Commentary: Cobb duo leading UAB into the Swamp
by John Bednarowski
September 07, 2011 01:28 AM | 2921 views | 0 0 comments | 13 13 recommendations | email to a friend | print
MDJ sports editor John Bednarowski
MDJ sports editor John Bednarowski
Greg Franklin grew up a Georgia fan.

Now, he’s about to do something no current Bulldog has done — or will ever do — and that’s start against Florida at the Swamp.

The former Marietta High School standout, will be the starting tailback when UAB opens its season Saturday night in front of 90,000 Gator fans in Gainesville.

“I’m looking forward to it,” said Franklin, a sophomore who rushed for 53 yards in limited playing time for the Blazers in 2010. “I’m looking forward to playing in front of a big crowd. I may be a little nervous at first, but after the first snap it should go away.”

Franklin can say that because of past experience. During his freshman season, he played on special teams the first three games of the season. But, when he got his first chance to line up at running back, Franklin was playing in the only stadium in the SEC that makes the Swamp look small — Tennessee’s 102,000 seat Neyland Stadium.

Now consider the case of Franklin’s UAB teammate, and fellow Cobb County product, Kennard Backman.

The former Whitefield Academy standout will be making his college debut as the Blazers’ starting tight end — as a true freshman.

A year ago, Backman was opening his season against Walker, on Whitefield’s cozy home field. This year, he’ll be kicking off the season at Florida, where he’ll likely be eye-to-eye with pre-season All-SEC linebacker Jon Bostic or 6-foot-4, 295-pound defensive end Sharrif Floyd.

No offense to the Walker School, but I don’t think they have too many kids on their campus the size of Floyd.

Welcome to college football, Kennard.

It’s enough to make his head spin.

“College football is totally different,” Backman said. It’s almost like a different sport. You can’t rely on your physical ability. In high school, you could get away with things because you were bigger, faster or stronger. Now everybody is like that.

“But I never thought, three or four years (after first taking up football at Whitefield), that I would be lining up against Florida.”

In fact, five years ago, Backman would have never thought about playing football — period. He was a basketball player when he arrived at Whitefield Academy, but as he grew into what has become his 6-4, 235-pound frame, football coach Jimmy Fields convinced Backman he had talent that could translate to the gridiron.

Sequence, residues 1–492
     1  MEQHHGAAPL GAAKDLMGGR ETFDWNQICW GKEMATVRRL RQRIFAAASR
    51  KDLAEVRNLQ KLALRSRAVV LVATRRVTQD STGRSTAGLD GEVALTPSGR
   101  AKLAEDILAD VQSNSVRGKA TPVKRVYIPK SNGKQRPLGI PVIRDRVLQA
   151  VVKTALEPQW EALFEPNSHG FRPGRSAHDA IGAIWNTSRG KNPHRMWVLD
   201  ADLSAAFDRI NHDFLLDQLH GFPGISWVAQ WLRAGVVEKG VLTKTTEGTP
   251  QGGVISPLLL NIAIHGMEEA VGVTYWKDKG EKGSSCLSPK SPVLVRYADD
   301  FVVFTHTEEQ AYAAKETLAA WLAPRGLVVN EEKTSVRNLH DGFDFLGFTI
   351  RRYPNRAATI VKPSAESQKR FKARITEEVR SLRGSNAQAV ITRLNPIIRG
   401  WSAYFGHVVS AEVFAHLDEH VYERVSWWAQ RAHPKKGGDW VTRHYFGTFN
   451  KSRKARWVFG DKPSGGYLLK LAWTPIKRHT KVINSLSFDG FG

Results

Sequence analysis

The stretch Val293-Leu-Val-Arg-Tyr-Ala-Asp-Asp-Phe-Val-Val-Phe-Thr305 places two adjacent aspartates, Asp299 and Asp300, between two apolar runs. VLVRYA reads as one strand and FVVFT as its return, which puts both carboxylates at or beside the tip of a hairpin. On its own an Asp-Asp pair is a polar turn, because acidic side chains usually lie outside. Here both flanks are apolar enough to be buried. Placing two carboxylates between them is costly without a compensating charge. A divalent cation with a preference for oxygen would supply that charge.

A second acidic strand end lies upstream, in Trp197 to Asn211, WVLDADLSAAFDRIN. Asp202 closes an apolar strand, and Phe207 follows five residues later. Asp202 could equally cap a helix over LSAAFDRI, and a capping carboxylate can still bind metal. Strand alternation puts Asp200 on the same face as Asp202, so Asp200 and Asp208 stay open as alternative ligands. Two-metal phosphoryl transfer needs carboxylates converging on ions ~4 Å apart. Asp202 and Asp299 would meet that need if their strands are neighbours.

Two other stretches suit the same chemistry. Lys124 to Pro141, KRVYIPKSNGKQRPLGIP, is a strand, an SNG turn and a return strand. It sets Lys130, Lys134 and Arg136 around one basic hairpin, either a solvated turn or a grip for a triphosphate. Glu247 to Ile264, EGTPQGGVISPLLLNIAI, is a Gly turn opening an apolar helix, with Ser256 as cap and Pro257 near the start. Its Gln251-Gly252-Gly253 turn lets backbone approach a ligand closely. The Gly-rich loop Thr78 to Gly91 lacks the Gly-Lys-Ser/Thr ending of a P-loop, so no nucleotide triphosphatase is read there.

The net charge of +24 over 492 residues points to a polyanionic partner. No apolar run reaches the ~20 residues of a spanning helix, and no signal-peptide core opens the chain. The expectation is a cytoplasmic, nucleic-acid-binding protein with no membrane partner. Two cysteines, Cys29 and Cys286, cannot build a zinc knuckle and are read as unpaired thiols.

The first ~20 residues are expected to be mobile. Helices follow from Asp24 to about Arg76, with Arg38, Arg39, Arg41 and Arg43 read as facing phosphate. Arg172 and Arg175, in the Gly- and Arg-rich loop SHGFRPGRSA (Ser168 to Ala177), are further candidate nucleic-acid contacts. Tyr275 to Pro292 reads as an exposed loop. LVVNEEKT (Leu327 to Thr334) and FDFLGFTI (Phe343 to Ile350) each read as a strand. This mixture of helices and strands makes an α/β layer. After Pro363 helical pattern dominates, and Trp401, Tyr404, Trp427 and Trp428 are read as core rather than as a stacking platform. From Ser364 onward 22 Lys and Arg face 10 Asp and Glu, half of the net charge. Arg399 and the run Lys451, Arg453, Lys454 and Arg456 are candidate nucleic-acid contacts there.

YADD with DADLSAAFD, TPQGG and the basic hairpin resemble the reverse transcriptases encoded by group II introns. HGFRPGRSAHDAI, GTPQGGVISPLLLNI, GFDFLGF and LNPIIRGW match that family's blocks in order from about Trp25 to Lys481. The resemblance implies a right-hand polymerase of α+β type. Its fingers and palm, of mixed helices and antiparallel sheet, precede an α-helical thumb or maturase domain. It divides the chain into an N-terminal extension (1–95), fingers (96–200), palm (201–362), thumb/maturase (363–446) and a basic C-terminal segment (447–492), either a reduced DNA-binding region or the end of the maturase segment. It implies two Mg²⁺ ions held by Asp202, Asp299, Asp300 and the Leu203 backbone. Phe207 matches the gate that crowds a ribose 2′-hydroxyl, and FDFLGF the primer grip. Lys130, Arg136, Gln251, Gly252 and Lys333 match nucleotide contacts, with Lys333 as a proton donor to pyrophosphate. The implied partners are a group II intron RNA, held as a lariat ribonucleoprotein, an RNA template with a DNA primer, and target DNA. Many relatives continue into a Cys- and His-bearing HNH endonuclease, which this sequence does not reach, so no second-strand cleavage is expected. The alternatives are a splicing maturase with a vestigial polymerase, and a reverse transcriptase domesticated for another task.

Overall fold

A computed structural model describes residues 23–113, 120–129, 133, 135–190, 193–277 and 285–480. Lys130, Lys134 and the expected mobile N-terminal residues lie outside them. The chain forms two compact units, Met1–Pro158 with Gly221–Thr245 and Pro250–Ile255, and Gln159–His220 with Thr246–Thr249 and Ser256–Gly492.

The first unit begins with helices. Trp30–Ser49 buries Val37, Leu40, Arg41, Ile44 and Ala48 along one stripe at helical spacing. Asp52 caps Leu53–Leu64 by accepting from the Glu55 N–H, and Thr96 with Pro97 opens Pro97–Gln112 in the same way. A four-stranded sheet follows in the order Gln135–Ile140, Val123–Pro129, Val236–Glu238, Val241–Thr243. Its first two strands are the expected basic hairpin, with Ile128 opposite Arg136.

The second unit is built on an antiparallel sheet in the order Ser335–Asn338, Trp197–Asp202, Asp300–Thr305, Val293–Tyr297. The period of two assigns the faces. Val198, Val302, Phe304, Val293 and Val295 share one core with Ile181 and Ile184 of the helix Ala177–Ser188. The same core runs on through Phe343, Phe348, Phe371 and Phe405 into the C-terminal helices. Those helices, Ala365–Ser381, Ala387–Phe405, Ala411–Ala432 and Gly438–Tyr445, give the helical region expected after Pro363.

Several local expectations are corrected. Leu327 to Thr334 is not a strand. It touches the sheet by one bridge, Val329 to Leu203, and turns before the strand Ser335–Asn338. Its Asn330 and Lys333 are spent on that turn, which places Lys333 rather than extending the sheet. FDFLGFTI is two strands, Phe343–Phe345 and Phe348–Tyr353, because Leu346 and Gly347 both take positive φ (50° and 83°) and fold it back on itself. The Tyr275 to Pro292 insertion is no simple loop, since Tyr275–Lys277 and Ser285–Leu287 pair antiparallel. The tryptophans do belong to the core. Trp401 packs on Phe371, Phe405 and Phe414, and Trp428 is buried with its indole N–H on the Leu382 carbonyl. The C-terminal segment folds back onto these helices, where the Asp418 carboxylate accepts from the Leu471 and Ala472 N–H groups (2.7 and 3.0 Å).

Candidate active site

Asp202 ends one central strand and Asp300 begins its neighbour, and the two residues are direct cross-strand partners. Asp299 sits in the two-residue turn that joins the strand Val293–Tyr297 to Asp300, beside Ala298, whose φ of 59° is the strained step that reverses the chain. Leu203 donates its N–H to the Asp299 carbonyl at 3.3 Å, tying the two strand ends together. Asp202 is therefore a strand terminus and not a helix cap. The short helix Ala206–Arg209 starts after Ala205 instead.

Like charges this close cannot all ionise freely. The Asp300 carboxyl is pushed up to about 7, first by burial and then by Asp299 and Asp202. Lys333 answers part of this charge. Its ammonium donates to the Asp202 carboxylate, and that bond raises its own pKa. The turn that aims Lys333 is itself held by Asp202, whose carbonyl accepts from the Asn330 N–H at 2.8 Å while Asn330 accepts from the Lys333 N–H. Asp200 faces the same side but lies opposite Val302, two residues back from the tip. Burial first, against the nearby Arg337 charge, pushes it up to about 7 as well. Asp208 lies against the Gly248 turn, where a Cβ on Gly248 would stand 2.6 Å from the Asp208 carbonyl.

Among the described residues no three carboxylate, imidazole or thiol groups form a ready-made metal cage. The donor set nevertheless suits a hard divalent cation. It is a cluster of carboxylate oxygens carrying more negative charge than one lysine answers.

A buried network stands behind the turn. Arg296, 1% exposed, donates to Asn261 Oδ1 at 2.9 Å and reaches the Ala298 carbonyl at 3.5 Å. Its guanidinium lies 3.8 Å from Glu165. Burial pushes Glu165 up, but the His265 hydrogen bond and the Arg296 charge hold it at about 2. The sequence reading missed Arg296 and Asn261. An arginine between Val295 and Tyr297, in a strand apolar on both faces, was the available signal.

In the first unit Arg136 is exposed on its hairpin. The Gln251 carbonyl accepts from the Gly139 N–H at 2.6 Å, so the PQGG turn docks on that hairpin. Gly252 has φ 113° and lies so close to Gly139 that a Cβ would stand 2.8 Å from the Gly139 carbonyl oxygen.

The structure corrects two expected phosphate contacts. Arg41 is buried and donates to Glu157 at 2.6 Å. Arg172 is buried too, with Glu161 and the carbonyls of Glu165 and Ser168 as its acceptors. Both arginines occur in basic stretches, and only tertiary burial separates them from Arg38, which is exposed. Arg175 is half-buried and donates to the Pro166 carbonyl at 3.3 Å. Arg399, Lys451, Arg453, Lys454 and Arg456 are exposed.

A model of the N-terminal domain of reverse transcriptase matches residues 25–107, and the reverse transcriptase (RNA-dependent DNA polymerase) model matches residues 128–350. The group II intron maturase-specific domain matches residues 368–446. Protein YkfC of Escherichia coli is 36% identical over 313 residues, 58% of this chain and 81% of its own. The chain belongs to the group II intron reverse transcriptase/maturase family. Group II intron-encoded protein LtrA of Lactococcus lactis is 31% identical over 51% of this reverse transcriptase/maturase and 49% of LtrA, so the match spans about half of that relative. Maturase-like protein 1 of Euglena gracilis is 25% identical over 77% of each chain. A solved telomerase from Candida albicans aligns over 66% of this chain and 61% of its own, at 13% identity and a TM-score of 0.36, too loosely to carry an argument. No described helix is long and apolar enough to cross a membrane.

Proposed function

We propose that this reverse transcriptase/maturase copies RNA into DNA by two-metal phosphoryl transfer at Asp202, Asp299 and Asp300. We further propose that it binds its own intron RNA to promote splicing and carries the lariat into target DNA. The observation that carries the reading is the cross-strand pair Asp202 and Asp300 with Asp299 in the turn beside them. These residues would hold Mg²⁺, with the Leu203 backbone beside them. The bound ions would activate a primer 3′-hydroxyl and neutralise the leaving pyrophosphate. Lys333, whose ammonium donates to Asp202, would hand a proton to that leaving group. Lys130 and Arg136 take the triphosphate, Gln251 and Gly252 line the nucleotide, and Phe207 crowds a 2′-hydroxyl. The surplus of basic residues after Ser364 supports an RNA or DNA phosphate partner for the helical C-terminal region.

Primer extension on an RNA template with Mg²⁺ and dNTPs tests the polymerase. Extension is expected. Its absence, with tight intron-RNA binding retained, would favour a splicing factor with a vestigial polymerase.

And even though he’s folded up his basketball shorts, that doesn’t mean Backman’s not totally abandoning his former sport.

“I think it’s helped with my footwork and stamina,” he said. “You have to use your feet to guard and block and the stamina has helped with my routes.”

Good feet will only help Backman so much in Gainesville, but he got a little extra advice from two of his former Whitefield teammates now in the collegiate ranks — Vanderbilt defensive end Marc Panu and Wake Forest defensive end Kris Redding.

“They talked about how much more serious football is at this level,” Backman said, “because it’s a job coming out with the hard hat every day.”

One person that thinks Backman is ready is Franklin. Not only has Backman’s work in camp that vaulted him to the top of the depth chart, but also the sense of bravado and confidence he exudes.

“He stood out (in fall camp) with his ability to catch the ball,” Franklin said.

“I was in the huddle (last week) and asked him, ‘Are you ready? What are you going to do? Are you nervous?’ He said, ‘I’m not nervous.’”

Backman played his entire football career in front of 500 to 1,500 people, but don’t think he won’t have jitters or butterflies in his stomach about what awaits for him in four days.

“Well, I’m not nervous — yet,” he said.

Starting from the get-go, Backman is now expected to hold on to his job for the next four years.

Franklin, on the other hand, will be trying to earn more playing time for his. He is currently filling in as the starting tailback because UAB’s leading rusher from last season, Pat Shed, is down for a few weeks with a sports hernia.

Ironically, it was an injury — a broken ankle — suffered by Franklin in the Cobb Senior Bowl following the 2009 season that might have kept him from grabbing the starting spot during his freshman year. But now that he’s completely healthy, Franklin says he’s ready to go.

“Last year, I was just trying to get used to the plays,” he said. “But I’m ready for it. I feel comfortable now, and my ankle is 100 percent.”

In addition, the once small-framed Franklin has gotten bigger (bulking up from 172 to 190 pounds) and faster (dropping his time in the 40-yard sprint from the high 4.4-second range to the low 4.4s).

With those kinds of numbers, it’s hard to believe Franklin isn’t playing in the ACC or SEC — he had offers from N.C. State, Vanderbilt, Kentucky and Georgia before deciding on the Blazers. But after his injury, some schools began to back off.

Not UAB.

“I felt like they wanted me,” Franklin said on signing day in the winter of 2010.

Now, he gets to prove that he would have belonged playing in the country’s largest stadiums.

And it’s a fair bet that Saturday many of the Georgia fans — who hate anything orange and blue — will be rooting for he, Backman and the Blazers, too.

John Bednarowski is sports editor of the Marietta Daily Journal. He can be reached by email at and on Twitter at
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